1. mintFor function that allows an approved user (this will be Immutable X's Stark contract on L1) to mint the tokens (ie. call its mint function and add new token IDs to the mapping) that was minted on L2 on L1 (when those tokens are withdrawn to L1).
  2. owner function that Immutable X can call to verify the contract's owner.

Process of minting on Immutable X:

  1. Deploy smart contract on L1: There must be a existing mintable token smart contract (see requirements here and here) deployed on Ethereum L1

  2. Register smart contract as a collection on L2: The smart contract is registered as a collection (see API reference or do this from the command line) with Immutable. This simply stores information about the contract (ie. its name, description, metadata, etc.) on Immutable's databases so that it can be used and displayed by marketplaces and other applications on Immutable X

  3. Minting on L2: Minting on Immutable X means that an asset, which contains information about the contract to which it belongs, its ID and other data, is created in the Immutable databases to represent a token on the L1 contract. At this point, the L1 contract still has no knowledge of the asset on L2. To ensure that an asset is not minted on L2 with the same token ID as an existing L1 token, a nominal call is made to the L1 contract's mintFor function for a small % of minted tokens to check whether the ID already exists. If it does, the minting will fail on L2.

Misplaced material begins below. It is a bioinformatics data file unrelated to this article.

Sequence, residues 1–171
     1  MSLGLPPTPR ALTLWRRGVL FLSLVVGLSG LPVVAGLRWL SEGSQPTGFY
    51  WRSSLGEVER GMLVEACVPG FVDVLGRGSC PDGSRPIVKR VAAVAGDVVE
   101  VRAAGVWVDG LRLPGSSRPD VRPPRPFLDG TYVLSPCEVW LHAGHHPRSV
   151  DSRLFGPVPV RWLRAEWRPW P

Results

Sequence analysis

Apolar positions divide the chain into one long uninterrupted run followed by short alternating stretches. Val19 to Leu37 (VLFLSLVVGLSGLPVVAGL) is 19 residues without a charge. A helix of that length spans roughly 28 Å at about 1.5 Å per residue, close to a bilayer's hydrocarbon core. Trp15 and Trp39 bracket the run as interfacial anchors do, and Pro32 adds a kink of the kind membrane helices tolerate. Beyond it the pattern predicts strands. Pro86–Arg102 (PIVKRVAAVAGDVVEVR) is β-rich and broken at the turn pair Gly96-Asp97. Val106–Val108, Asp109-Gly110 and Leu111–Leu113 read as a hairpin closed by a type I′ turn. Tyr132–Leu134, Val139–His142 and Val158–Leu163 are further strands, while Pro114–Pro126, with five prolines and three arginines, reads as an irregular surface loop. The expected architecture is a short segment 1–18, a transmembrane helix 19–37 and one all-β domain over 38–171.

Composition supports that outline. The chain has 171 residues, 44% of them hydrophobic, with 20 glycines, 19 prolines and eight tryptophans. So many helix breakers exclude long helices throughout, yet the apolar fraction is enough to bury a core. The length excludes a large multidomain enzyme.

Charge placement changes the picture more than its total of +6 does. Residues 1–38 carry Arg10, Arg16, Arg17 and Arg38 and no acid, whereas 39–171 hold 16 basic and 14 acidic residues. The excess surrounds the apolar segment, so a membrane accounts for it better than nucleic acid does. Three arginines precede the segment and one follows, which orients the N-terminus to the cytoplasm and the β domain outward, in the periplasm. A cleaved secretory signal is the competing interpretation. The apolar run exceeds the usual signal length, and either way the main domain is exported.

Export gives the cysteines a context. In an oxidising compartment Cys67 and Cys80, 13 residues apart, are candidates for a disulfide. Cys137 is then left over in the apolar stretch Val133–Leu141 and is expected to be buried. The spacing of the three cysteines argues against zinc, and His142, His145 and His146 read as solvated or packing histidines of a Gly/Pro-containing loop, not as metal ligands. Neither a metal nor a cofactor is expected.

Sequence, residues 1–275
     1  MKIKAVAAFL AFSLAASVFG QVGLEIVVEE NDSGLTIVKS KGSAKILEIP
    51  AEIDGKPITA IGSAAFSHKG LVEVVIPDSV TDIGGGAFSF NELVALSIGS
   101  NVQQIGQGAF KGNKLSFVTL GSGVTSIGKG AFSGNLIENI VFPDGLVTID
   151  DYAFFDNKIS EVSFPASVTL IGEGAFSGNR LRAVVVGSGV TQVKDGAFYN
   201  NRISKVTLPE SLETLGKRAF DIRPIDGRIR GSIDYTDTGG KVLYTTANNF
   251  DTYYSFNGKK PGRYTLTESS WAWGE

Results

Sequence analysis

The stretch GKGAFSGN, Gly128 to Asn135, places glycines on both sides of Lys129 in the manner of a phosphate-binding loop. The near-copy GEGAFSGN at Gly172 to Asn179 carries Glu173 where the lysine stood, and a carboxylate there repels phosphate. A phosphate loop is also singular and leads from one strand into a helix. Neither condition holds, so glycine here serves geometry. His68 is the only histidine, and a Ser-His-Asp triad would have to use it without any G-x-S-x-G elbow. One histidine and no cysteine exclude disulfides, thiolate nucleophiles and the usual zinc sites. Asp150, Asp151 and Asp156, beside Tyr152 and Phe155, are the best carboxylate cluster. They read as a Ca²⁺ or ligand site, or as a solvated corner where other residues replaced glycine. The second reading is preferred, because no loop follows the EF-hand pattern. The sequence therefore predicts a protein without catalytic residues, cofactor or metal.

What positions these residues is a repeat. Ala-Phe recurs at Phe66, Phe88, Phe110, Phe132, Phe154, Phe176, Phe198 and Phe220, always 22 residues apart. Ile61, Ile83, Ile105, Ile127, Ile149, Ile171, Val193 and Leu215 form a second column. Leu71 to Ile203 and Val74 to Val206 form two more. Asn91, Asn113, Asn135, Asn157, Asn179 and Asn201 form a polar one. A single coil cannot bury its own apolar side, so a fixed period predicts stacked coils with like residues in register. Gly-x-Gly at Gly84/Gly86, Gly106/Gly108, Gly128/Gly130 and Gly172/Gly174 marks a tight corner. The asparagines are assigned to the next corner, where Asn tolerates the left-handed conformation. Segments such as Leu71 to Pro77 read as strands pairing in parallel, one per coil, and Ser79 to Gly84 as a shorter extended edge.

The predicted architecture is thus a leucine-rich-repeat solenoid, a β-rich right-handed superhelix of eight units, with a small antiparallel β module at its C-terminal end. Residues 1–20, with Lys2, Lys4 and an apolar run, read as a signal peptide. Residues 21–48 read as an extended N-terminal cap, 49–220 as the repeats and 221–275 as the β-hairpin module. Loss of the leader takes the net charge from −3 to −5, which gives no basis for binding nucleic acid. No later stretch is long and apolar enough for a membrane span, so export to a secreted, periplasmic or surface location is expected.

L2 minting can also fail if the token has already been minted with the L2 contract. In this case, the error message from the API will include the IDs of the tokens that already exist.

  4. NFT Metadata After you've successfully minted a NFT on L2 Immutable X will retrieve off-chain metadata for your asset through the metata API URL of the associated collection. Immutable X will retry several times for up to one hour after mint in case of failure. If after one hour your asset still does not have metadata please check that the URL you provided is correct and returns metadata for your asset. You can request a metadata refresh after resolving any issues with your metadata API.

  5. Withdraw minted L2 token to L1: When the owner of a minted L2 asset decides that they want to withdraw this token to L1, this is the point at which the L1 contract needs to know about this token. Remember, at this point, the L1 contract does not yet know that this token exists. This is when the mintFor function on the L1 contract is called, which actually mints the token on L1.

Key things to note:

  • Minting on L2 only stores information about a minted token in Immutable's databases
  • Only the L1 contract owner can mint tokens on L2 from it (of course, they can mint the tokens for other users)

Can't a token be minted simultaneously on L1 and L2?

This describes the scenario where a token is minted on L2 but it has not yet been minted on L1 (so the L1 contract knows nothing about it). It is possible for an authorized minter to mint the same token on L1, thus, when the L2 token is withdrawn (ie. minted on L1), it will fail because the token ID already exists on L1.

Steps to prevent this:

  • At the time of L2 minting, Immutable X makes a nominal call is made to the L1 contract's mintFor function for a small % of minted tokens to check whether the ID already exists
  • Only the contract owner can mint on L2 so it is up to them to keep track of token IDs and ensure duplicates are not made
  • Because smart contracts are public on the blockchain, before purchasing an L2 token, users can always check its contract address on L1 to ensure that they are not buying a duplicate token

For more information on how to mint on L2, see our asset minting guide.